Indonesian military continues its repression in Aceh

By Carol Divjak
18 June 2002

Despite peace negotiations held in Geneva last month, the Indonesian armed forces (TNI) is continuing its offensive against the separatist Free Aceh Movement (GAM) in the north of Sumatra. The current operations are part of a brutal civil war that has raged for 26 years and cost the lives of at least 12,000 people.

The latest deaths took place last week. According to a military spokesman, the army killed two alleged GAM members in two separate clashes in Lhlong village and Lhokseumawe on June 12 and 13 respectively. Three civilians and two soldiers also died. GAM, however, claimed that none of its members had died and accused the military of killing innocent civilians. These incidents are part of a pattern of military violence and repression aimed at intimidating the local Acehnese population.

In early April, President Megawati Sukarnoputri’s government dispatched 1,850 fresh troops to Aceh to reinforce army and security forces in the oil-rich province. The force consisted of 825 Kostrad army strategic reserve members, along with more than 500 marines and 412 Kopassus special forces troops. Under the Suharto dictatorship, Kopassus was notorious for its use of abduction, torture and assassination to suppress political opposition, including in regions such as Aceh, East Timor and West Papua.

According to then Kostrad head, Lieutenant General Ryamizard Ryacudu, who saw off the force, the troops currently in the province had become “ineffective” after more than a year in the conflict area. Asked by Tempo magazine how he thought the military should deal with the separatists, he replied: “Exterminate provocateurs, shoot rioters”.

Significantly Megawati has recently promoted Ryamizard to army chief. The emergence of figures such as Ryamizard in the top TNI posts is a measure of just how beholden Megawati is to the military. During the protracted moves to oust former president Abdurrahman Wahid last year, Megawati relied on the military top brass to prevent Wahid from blocking impeachment proceedings and declaring a state of emergency.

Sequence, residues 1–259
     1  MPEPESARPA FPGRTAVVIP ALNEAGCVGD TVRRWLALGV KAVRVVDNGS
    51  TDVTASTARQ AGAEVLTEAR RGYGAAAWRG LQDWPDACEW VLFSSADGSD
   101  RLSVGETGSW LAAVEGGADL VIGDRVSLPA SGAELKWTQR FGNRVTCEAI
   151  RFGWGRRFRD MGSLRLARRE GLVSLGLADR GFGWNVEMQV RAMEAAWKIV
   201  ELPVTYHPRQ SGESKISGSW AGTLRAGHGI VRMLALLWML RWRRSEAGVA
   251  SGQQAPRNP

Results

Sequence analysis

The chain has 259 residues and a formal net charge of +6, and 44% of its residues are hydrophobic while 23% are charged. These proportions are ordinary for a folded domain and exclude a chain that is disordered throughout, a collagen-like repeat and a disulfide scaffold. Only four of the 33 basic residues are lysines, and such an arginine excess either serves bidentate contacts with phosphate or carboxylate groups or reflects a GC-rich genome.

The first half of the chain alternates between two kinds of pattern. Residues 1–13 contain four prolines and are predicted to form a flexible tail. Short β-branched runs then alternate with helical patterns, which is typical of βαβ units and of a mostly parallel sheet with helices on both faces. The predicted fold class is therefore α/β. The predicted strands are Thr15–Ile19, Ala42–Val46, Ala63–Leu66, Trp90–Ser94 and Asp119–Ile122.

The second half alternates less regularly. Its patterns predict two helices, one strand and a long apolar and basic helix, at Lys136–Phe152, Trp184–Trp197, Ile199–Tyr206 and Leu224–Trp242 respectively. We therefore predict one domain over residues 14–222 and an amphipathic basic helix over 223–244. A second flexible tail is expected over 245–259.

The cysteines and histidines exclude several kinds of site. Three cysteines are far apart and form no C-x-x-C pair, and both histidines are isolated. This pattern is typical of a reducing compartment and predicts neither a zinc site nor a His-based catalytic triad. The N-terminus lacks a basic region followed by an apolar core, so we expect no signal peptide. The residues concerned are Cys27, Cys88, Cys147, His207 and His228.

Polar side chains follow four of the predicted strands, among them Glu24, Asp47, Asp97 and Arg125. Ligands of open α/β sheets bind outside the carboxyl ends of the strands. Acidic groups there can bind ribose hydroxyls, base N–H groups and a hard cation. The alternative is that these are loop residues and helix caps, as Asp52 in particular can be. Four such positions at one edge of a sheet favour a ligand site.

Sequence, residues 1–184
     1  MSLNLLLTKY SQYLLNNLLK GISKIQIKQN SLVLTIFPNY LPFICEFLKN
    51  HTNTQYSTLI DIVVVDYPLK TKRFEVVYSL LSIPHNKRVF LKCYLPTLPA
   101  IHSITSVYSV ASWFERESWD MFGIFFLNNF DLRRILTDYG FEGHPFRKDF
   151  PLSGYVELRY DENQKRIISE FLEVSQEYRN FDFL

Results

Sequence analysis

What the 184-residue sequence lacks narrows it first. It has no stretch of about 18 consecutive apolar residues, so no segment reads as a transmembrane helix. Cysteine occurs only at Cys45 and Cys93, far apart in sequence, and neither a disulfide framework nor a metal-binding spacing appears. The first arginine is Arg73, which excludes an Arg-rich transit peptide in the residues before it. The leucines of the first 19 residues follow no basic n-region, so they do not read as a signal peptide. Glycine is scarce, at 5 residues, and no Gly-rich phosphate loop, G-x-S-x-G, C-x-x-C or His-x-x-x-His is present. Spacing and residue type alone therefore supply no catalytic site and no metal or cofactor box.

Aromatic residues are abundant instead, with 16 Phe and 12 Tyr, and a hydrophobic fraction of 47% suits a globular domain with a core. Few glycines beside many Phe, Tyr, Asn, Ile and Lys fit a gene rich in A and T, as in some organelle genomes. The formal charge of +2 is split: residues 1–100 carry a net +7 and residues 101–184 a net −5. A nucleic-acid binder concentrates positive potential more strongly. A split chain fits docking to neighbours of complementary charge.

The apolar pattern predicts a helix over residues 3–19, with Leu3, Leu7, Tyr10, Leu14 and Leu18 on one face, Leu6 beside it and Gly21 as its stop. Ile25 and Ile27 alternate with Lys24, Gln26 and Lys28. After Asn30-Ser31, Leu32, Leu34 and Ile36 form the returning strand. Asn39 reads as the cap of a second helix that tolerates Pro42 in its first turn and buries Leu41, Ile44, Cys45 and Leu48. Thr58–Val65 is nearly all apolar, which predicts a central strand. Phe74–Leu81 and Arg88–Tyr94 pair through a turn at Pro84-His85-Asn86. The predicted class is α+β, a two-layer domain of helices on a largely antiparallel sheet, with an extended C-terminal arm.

The military was highly critical of Wahid’s decision to allow limited political freedoms in Aceh and West Papua and to open negotiations with the separatists. Under strong pressure from the TNI, Wahid signed a presidential order for a crackdown on GAM in April 2001. Megawati, then vice-president, presided over the “Operation for the Restoration of Security and Upholding the Law” and continued the offensive when she took over as president later in the year.

At present there are an estimated 25,000-30,000 security forces in Aceh and the number of deaths has jumped sharply over the past 14 months. Last year alone, 2,000 people were killed, including 1,600 civilians. So far this year more than 400 have died. According to the European-based International Crisis Group, the TNI operations have succeeded in reducing the area under GAM control to only 30-40 percent of the province as compared to 60-70 percent prior to April 2001.

In a number of cases, locals have accused the police and soldiers of killing innocent civilians either during patrols or in reprisal for GAM attacks. The conflict claims roughly four civilian lives for every soldier or alleged guerrilla killed. At checkpoints throughout the province, the security forces openly extort bribes.

An article this week in the New York Times explained: “Often, villagers suspected of having helped the rebels are shot. Here in Butit Meranti, a deaf plantation worker, Abdul Wahab, 35, was gunned down by soldiers as he emerged from the forest, because unlike some other villagers, he was confused and unable to run away quickly enough, Mr Bin said.